Sunday, April 17, 2011

Now, a quick interview with a famous artist of the day

“...Well, Thurmond Theery was unkind. My work, “String”, the first “String”, was a monumental statement about the inconsequential - or, more perhaps - a translation of the monumentality of the inconsequential - You know, as much as a room full of string can say about such a thing.”
“You speak about a work, “String Three”, this one, a work where you literally string the continents together, literally. How so?”
“Airplane and a big spool of string. Monumental spool of string. Strong stuff.”
“I see.”
“Do you? Really? Can you see it? The string, bakery string, draped hundreds of thousands of miles, over homes and forests, and tigers and little poor children starving to death - no one is absent in my art! - over oceans - give it a yank and draw up an ocean! Magnificent!”
“Theery says you are a buffoon...”
“I wrap time around my finger like one end of a yo-you string and bounce space up and down with a flip of my wrist, Theery can kiss my bank account!”
“Still, he claims that your work is past it’s prime, that you are reaching, that your show has become all showmanship.”
“I filled the Guggenheim with pink ping-pong balls, FILLED IT! Right to the top, do you know there is a chimney, not many people know that...”
“Ah, classic work - ah, you were arrested for littering...”
“At the opening. Who would have thought of it? All those ping-pong balls rolling down Fifth Avenue... We only got the one door open. The only show in the history of the world to be an instant success without a single person entering the museum! And closed before it even opened! Ha! Jail, so what?.”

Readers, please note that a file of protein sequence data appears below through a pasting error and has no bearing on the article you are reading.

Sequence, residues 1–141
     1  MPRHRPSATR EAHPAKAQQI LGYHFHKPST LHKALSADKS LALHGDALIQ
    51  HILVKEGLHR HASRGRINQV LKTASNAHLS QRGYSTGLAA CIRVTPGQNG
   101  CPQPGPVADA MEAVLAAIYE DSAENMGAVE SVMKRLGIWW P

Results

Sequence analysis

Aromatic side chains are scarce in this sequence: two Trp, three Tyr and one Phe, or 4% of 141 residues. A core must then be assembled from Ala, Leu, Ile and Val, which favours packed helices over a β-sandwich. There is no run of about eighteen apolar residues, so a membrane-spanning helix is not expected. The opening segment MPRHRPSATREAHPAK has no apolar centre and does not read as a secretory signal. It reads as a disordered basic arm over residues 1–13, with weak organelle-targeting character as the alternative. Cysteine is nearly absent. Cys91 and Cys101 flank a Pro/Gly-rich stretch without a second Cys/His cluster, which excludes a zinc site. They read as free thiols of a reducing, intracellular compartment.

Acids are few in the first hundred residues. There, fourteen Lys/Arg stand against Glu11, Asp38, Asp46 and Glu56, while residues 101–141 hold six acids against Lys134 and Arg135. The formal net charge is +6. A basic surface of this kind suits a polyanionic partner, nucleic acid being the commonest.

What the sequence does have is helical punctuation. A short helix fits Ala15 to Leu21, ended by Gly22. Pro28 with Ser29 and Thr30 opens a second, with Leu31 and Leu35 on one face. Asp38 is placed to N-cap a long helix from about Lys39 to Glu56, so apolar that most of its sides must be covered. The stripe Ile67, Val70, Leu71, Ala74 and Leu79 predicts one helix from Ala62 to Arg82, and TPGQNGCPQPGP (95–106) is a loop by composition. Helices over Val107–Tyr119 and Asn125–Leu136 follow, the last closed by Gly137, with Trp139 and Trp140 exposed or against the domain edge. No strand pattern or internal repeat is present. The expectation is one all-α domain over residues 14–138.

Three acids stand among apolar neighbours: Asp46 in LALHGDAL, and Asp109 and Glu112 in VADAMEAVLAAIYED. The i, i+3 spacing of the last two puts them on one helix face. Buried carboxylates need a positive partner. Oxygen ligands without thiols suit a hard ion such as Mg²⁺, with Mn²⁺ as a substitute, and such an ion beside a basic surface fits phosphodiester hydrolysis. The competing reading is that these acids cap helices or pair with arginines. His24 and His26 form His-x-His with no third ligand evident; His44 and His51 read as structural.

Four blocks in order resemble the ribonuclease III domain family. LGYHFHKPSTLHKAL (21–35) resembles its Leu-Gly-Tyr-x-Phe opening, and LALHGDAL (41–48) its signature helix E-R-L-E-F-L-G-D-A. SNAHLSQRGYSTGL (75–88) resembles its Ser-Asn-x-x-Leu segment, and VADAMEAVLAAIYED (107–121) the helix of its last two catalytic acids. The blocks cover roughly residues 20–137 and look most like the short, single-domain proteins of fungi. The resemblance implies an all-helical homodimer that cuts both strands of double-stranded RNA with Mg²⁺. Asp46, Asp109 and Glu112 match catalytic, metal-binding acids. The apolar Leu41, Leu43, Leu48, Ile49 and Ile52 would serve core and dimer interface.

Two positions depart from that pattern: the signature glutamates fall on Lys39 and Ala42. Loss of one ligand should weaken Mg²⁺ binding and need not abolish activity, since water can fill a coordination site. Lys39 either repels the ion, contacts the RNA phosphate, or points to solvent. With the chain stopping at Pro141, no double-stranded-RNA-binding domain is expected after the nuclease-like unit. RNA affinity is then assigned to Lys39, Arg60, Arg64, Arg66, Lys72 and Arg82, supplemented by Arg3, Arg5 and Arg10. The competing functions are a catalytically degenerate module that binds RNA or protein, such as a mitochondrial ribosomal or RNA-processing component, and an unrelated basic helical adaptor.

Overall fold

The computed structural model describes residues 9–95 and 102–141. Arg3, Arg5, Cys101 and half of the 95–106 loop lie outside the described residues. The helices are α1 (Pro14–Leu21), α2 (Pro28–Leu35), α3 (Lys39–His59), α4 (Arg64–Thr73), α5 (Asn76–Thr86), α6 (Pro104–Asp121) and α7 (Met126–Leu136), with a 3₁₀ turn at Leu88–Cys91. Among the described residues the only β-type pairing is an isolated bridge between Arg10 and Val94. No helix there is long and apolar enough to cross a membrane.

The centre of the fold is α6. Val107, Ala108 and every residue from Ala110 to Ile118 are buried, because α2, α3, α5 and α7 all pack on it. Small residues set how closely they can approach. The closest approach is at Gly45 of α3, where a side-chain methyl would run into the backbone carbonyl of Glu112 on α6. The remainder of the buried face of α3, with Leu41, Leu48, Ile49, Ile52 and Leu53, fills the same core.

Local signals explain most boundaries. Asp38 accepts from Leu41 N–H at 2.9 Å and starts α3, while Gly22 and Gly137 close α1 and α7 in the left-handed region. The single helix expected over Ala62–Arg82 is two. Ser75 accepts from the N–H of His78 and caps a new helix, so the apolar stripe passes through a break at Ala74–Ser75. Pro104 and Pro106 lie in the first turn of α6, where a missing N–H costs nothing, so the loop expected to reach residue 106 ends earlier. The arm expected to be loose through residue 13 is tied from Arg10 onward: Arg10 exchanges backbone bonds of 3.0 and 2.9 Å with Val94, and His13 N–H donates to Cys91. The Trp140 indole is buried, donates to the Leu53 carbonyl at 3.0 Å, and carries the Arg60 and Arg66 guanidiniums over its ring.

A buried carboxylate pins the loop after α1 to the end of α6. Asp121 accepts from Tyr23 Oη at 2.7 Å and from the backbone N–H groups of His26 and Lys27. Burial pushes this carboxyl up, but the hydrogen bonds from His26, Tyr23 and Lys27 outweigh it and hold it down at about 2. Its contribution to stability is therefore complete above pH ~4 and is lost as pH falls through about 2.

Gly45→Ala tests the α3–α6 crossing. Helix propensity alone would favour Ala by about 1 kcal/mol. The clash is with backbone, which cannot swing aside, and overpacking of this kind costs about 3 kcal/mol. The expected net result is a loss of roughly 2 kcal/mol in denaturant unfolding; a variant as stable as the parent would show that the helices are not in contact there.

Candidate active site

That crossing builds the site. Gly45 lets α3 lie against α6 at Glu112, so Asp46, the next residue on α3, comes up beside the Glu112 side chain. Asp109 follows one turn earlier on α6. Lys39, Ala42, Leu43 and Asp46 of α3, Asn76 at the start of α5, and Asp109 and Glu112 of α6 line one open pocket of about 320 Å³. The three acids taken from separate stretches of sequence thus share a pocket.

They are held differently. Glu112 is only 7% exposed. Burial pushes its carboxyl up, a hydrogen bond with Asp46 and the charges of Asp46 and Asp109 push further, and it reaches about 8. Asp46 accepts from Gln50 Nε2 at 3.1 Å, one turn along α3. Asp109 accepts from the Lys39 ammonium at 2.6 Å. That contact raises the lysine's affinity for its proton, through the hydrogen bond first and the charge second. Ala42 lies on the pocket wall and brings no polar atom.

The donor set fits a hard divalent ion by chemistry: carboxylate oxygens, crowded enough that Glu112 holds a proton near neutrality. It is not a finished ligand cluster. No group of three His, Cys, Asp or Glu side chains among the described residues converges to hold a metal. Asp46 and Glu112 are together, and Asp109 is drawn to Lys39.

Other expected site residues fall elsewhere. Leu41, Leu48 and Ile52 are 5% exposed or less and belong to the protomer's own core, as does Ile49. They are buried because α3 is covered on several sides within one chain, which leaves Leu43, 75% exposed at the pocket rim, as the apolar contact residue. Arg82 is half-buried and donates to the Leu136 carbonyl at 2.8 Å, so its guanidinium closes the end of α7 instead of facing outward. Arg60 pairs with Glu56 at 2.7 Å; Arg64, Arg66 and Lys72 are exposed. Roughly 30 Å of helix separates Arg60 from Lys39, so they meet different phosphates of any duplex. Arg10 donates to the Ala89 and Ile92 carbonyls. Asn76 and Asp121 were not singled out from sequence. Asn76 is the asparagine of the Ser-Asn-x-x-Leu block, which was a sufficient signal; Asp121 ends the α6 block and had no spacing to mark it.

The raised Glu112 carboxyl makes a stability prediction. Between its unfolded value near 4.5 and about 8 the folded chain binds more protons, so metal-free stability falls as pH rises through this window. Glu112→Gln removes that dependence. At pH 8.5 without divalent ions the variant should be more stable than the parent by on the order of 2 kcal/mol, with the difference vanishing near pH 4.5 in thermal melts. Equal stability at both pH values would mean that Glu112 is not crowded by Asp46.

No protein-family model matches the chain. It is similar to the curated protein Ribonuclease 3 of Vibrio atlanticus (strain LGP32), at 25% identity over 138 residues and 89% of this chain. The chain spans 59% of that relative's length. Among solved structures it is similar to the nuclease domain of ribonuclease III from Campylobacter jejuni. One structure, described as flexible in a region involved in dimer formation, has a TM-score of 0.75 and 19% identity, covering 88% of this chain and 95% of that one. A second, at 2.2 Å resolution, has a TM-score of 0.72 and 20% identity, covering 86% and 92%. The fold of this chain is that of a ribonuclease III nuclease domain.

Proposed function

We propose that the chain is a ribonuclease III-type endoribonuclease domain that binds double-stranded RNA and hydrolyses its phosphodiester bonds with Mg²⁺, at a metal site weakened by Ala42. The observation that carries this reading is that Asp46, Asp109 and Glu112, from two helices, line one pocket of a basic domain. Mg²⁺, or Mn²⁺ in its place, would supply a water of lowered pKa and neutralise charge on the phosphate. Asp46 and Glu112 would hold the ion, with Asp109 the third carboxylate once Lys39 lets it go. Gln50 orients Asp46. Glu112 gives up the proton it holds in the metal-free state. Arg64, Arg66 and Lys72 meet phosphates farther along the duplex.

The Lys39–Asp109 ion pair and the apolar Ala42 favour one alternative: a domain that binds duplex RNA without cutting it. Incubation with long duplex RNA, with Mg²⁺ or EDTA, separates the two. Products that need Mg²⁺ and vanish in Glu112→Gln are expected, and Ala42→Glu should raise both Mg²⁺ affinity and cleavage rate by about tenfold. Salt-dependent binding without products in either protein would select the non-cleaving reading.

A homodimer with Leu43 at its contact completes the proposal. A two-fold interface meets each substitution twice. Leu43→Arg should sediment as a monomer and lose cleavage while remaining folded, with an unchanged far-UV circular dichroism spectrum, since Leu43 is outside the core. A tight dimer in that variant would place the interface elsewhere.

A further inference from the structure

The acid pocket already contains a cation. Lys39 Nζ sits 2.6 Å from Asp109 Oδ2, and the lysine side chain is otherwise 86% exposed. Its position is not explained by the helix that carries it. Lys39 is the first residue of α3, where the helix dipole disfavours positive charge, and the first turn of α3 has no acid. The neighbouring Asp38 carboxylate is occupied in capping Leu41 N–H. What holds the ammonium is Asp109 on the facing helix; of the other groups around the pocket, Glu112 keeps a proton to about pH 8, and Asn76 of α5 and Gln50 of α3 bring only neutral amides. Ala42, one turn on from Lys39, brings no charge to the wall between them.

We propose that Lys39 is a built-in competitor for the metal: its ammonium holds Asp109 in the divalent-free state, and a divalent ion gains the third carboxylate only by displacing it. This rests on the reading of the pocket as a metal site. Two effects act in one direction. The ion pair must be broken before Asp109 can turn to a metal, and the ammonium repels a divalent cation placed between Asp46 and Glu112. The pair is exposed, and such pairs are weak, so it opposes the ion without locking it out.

“And “String Two, a bit racy for the family viewers; the critics say you shouldn’t have.”
“They didn’t have to look if they didn’t want to.”
“You performed it on the steps of the New York Public Library.”
“They could have turned their eyes away.”
“Some say you just don’t have any talent. That you’re just a pervert, a ham, and worse, simply filled with juvenile concepts that are without depth. Bad for the art world, bad for the world in general.”
“Oh, really? Where are these people? In Soho? Are they in Rudies? I don’t think so. I suffer for my art. I spent six years researching my last project by locking myself in five-foot wide fish-tank with a dead otter. You know what that’s like?”
“You did what? Which years?”
“I said I spent two hours staring at a fish-tank while thinking about a dead otter, do you know how hard it is to do that?”
“You just said...”
“Don’t listen to what I say, just watch me! Watch what I do - I can do this, can you do this.”
“Mash my fingers about?”
“See, to you it’s just mashing your fingers about, to me it’s making knots in time! Knots in time!”
“And speaking about time, that’s about all the time we have today. Thank you, Neery Theery, son of esteemed art critic, Thurmond Theery, artist, social critic, and by some accounts, buffoon and idiot of our time. Goodnight!”